Elkridge father, son share love for the 'magic of flight'

Some sons inherit their looks or an affinity for baseball from their fathers. Tenth-grader Stoil Avramov inherited a love of flight.

The Long Reach High School student travels the country and world piloting model airplanes in competitions, and when he's not doing that or sitting in class, he's in his basement working on his planes, he said.


"At the age of 6, I started flying gliders for the first time," he said. "And from there, when I got enough skills, I was like, why not try some competition? That's how I, pace by pace, got to the world championships."

The 15-year-old recently returned from Ukraine and Slovenia, where he represented the United States on a three-person junior team in his third trip to the airplane modeling world championships.

Elkridge resident Dimitre Aramov launches a glider into the air at an airfield in Landsdowne before his son Stoil takes over piloting of the plane.
Elkridge resident Dimitre Aramov launches a glider into the air at an airfield in Landsdowne before his son Stoil takes over piloting of the plane. (Lisa Philip / Baltimore Sun Media Group)

"That one continues for almost a whole week," said his father, Dimitre. "You actually meet the best three pilots from every country that is involved."

Stoil was 4 when he was first exposed to model airplanes. His family had just moved from Silver Spring to Elkridge and his father started flying planes at a model plane airfield in nearby South West Area Park in Lansdowne.

"I gained interest in airplanes really quickly watching my dad fly around here, and watching other people fly," he said.

Avramov, who immigrated to the United States from Bulgaria in 1998, has been flying model airplanes since the end of the 1970s, he said.

"My history of flying is so long," he said, laughing. "Look, at that time, there weren't computers, and not the games that boys are interested in."

Model airplanes presented an opportunity to "build things from rough materials, from scratch," said Avramov, who later worked as an industrial engineer.

The "magic of flight" has kept him hooked on the hobby, he said. Stoil agreed.

"And when you build some skills, you start to bump with other people, you start to compete," Avramov said. "You think, I can fly much better than another one, and I have to learn something to fly much, much better."

After they moved to Elkridge, the South West Area Park, or SWAP, modelers club of model plane enthusiasts, based at the Landsdowne airfield, provided a welcoming community for Avramov and especially his son to become better pilots.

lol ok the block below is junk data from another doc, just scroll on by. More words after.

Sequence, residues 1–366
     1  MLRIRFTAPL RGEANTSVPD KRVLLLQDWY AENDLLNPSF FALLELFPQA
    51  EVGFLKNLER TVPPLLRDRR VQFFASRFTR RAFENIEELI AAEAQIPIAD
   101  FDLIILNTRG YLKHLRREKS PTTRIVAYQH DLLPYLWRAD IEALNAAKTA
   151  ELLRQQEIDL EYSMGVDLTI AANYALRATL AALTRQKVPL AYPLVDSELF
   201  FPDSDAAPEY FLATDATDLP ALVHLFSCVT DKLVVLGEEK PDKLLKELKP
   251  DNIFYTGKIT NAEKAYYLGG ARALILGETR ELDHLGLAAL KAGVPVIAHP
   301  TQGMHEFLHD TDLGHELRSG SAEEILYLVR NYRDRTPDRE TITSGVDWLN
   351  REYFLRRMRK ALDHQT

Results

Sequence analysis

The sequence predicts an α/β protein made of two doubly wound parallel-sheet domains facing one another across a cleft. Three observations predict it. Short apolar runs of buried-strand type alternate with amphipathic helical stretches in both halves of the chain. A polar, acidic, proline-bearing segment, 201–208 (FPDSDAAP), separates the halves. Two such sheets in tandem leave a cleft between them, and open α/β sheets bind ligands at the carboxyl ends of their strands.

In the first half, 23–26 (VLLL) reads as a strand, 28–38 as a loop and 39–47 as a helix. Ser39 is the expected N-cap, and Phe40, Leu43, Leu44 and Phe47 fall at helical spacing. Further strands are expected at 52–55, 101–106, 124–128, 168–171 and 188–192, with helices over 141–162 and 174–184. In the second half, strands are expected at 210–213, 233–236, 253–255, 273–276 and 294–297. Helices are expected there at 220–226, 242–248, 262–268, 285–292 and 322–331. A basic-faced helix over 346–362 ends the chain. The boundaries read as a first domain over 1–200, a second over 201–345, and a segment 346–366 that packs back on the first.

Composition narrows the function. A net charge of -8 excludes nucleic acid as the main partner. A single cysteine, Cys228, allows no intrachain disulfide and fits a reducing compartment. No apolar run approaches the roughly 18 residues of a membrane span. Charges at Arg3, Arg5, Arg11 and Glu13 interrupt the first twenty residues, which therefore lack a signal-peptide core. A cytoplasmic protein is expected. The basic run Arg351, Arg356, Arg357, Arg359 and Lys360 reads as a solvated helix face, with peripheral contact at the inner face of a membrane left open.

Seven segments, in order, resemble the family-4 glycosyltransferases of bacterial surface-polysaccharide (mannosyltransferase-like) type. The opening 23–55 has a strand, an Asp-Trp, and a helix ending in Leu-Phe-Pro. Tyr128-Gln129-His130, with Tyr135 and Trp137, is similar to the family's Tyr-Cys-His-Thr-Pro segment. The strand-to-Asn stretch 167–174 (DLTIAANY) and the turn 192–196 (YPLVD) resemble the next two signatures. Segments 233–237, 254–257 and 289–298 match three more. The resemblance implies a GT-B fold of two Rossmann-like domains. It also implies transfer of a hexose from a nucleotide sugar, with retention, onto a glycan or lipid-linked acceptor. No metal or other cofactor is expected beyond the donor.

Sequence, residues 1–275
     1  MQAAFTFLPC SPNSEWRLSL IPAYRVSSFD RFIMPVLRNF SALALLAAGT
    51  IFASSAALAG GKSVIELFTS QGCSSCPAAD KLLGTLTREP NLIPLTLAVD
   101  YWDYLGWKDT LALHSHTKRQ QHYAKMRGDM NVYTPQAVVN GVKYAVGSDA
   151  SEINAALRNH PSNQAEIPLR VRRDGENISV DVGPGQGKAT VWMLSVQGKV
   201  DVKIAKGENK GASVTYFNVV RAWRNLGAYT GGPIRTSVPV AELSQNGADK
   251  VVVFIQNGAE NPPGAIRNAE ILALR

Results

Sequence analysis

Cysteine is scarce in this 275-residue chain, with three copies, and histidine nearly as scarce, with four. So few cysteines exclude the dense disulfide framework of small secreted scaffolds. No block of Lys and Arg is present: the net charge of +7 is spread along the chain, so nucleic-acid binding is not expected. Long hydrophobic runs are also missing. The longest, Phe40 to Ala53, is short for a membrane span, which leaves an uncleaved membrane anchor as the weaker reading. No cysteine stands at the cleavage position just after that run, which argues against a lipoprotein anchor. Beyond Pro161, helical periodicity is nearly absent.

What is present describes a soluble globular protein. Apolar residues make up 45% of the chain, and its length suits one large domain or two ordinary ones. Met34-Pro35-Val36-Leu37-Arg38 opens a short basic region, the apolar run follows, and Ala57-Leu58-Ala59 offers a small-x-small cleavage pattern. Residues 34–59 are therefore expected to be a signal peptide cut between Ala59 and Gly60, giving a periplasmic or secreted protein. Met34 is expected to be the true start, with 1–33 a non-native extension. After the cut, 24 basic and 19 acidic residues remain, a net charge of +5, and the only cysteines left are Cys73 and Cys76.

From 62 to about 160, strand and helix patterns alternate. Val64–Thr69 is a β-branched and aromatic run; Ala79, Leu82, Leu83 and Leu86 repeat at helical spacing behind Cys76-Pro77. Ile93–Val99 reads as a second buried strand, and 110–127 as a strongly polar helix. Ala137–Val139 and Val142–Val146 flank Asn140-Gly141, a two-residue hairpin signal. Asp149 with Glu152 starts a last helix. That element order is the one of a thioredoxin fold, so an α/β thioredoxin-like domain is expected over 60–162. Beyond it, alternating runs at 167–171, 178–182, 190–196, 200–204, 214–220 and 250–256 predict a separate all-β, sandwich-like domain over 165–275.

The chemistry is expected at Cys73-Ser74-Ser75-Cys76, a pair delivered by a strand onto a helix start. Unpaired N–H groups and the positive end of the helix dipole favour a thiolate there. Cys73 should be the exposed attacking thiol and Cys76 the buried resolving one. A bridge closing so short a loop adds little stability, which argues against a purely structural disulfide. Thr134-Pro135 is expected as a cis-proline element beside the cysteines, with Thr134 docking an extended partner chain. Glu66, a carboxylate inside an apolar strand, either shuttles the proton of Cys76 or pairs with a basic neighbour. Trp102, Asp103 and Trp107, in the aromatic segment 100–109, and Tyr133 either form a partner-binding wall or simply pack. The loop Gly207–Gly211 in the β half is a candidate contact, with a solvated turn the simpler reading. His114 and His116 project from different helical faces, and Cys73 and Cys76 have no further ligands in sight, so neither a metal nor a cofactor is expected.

"Here on the field, the gate is open for new people all the time," Avramov said. "They can meet a lot of people who have been doing this for more than 20, 30 years, and of course they can get a lot of information about what model to buy, how to fly and learn the rules of the field."

"And if you want to know something, or if you have a problem with your flying, you can just ask someone and they'll be happy to help," said Stoil, who wants to become an aerospace engineer.

The various aero modeling competitions feature a variety of events for different planes, from rocket and propeller gliders to gas-powered planes. In each competition, pilots must keep their airplanes in the air for a specified amount of time and land them precisely at a predetermined location and time marker.


Top finishers are often separated by a matter of seconds in their landings, said Stoil, who placed second in a 2014 world championship event just 13 seconds behind the gold medal winner.

To improve his precision, Stoil spends nearly every free moment practicing at the Landsdowne airfield.

On a recent bright but breezy afternoon, he took a large motorized glider and much smaller rocket glider out for a spin. He had made the former from a kit and the latter from raw materials.

His father helped him launch both planes, which weigh less than three pounds, by running and throwing the motorized glider and by setting up the fuse for the rocket glider.

After that, Stoil was in the pilot's seat. Using a remote control, he navigated the wind direction and different layers of air to bring the planes hundreds of feet above the ground, then back down for low passes, flips and, finally, landing.

Stoil and his father will be giving demonstrations and tutorials on model airplane piloting at the Charm City Fly-In hosted on Sept. 24 and 25 by the SWAP modelers at the airfield in Landsdowne. For more information, go to